Standard measure should look like this, (no gap between the apparatus and the saddle) but didn't work well with the new strings.
17352735_10208933832688963_1483000273_n.jpg

My concern was if I could just play around with it as I please, so to make the strings intonate well? cuz if I return to my previous strings model I'll have to set it back to the standard measures right?
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geoff-bristol
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Re: Intonation problem with new strings. Help.

Post by geoff-bristol » Thu Mar 16, 2017 7:18 pm

So where exactly do the string attach to ? Is it a tailpiece like an archtop ?

-Z-
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Re: Intonation problem with new strings. Help.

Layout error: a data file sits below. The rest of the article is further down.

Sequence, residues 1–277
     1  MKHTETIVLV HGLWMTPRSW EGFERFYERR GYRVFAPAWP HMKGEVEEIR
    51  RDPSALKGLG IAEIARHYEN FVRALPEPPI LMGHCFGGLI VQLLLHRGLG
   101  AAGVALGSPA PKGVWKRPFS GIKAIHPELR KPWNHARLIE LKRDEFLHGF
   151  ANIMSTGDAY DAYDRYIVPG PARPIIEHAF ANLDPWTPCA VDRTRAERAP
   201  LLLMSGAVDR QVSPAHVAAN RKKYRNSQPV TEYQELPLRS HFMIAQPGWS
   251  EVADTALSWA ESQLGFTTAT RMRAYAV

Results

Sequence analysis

Post by -Z- » Thu Mar 16, 2017 8:07 pm

geoff-bristol wrote:So where exactly do the string attach to ? Is it a tailpiece like an archtop ?


Yes it is.

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petermc61
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Re: Intonation problem with new strings. Help.

Post by petermc61 » Thu Mar 16, 2017 8:29 pm

I find the concept of a movable bridge bizarre. Having to set it up each time you change strings, and if it is not quite right having to slacken the strings and apparently move it randomly by trial and error? Life is just too short for that.

-Z-
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Re: Intonation problem with new strings. Help.

Post by -Z- » Thu Mar 16, 2017 8:52 pm

petermc61 wrote:I find the concept of a movable bridge bizarre. Having to set it up each time you change strings, and if it is not quite right having to slacken the strings and apparently move it randomly by trial and error? Life is just too short for that.